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Open AccessArticle

Prevalence of Respiratory Health Symptoms among Landfill Waste Recyclers in the City of Johannesburg, South Africa

1
National Institute for Occupational Health, National Health Laboratory Services, Johannesburg 2000, South Africa
2
School of Public Health, Faculty of Health Sciences, University of the Witwatersrand, Johannesburg 2000, South Africa
3
Department of Environmental Health, Faculty of Health Sciences, University of Johannesburg, Johannesburg 2000, South Africa
4
Environment and Health Research Unit, South African Medical Research Council, Johannesburg 2000, South Africa
*
Author to whom correspondence should be addressed.
Int. J. Environ. Res. Public Health 2019, 16(21), 4277; https://doi.org/10.3390/ijerph16214277
Received: 10 September 2019 / Revised: 15 October 2019 / Accepted: 16 October 2019 / Published: 4 November 2019
(This article belongs to the Special Issue Occupational Respiratory Health)
In developing countries, waste sorting and recycling have become a source of income for poorer communities. However, it can potentially pose significant health risks. This study aimed to determine the prevalence of acute respiratory symptoms and associated risk factors for respiratory health outcomes among waste recyclers. A cross-sectional study was conducted among 361 waste recyclers at two randomly selected landfill sites in Johannesburg. Convenience sampling was used to sample the waste recyclers. The prevalence of respiratory symptoms in the population was 58.5%. A persistent cough was the most common symptom reported (46.8%), followed by breathlessness (19.6%) and rapid breathing (15.8%). Approximately 66.4% of waste recyclers reported exposure to chemicals and 96.6% reported exposure to airborne dust. A multivariable logistic regression analysis showed that exposure to waste containing chemical residues (OR 1.80, 95% CI 1.01–3.22 p = 0.044) increased the odds of respiratory symptoms. There was a significant difference in respiratory symptoms in landfill sites 1 and 2 (OR 2.77, 95% CI 1.03–7.42 p = 0.042). Occupational health and safety awareness is important to minimize hazards faced by informal workers. In addition, providing waste recyclers with the correct protective clothing, such as respiratory masks, and training on basic hygiene practices, could reduce the risks associated with waste sorting. View Full-Text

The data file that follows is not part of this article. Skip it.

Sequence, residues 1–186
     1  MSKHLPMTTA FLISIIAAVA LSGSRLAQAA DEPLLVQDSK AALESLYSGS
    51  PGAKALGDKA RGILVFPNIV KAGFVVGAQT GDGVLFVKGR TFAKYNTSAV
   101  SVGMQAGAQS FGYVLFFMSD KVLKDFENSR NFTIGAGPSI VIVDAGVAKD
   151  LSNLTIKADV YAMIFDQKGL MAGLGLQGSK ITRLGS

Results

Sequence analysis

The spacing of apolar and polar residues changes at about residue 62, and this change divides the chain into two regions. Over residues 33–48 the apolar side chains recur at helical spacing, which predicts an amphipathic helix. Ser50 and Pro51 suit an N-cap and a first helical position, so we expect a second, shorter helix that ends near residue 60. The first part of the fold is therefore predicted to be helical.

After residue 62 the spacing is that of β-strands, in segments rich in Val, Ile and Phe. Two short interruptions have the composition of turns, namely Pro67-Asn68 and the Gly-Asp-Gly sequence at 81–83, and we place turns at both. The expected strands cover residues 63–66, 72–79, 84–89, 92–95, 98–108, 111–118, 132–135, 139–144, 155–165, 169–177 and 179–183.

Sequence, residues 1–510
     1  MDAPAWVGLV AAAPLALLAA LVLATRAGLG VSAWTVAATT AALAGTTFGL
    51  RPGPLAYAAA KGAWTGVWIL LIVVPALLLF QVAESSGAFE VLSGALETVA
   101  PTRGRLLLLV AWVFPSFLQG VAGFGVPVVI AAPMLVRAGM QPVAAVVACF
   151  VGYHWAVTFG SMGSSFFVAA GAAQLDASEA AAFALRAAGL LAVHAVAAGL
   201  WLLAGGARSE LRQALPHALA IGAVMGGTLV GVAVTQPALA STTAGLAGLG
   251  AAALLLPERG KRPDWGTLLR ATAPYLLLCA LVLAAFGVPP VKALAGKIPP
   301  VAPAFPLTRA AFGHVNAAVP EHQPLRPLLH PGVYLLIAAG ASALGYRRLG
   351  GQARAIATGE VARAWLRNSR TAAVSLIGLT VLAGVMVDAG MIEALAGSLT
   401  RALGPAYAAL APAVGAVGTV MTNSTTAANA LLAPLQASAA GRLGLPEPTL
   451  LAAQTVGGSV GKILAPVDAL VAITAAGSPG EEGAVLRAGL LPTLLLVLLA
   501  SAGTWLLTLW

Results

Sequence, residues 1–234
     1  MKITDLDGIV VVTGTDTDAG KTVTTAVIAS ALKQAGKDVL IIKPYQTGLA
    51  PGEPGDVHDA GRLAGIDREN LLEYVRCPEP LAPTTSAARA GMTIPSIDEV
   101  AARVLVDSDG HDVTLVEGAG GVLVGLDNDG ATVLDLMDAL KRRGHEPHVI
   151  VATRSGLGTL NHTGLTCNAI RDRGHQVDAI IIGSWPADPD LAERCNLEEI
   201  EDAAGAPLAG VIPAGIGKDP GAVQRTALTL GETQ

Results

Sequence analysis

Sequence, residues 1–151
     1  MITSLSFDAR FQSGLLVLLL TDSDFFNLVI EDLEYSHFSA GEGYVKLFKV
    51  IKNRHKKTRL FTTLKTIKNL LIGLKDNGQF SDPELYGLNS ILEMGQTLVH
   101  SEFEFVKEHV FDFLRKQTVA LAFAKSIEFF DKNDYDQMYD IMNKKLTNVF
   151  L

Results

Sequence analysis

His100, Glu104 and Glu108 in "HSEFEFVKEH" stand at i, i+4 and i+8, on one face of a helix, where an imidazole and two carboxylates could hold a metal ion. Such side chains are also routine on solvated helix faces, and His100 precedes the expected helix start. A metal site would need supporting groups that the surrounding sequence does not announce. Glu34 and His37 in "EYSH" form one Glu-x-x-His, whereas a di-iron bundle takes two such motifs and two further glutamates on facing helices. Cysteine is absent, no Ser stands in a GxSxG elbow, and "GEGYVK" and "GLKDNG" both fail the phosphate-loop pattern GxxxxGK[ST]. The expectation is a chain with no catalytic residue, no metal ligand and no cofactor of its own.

Keywords: Cross-sectional study; informal workers; landfill sites; respiratory symptoms; waste recyclers Cross-sectional study; informal workers; landfill sites; respiratory symptoms; waste recyclers
MDPI and ACS Style

Tlotleng, N.; Kootbodien, T.; Wilson, K.; Made, F.; Mathee, A.; Ntlebi, V.; Kgalamono, S.; Mokone, M.; Du Preez, K.; Naicker, N. Prevalence of Respiratory Health Symptoms among Landfill Waste Recyclers in the City of Johannesburg, South Africa. Int. J. Environ. Res. Public Health 2019, 16, 4277.

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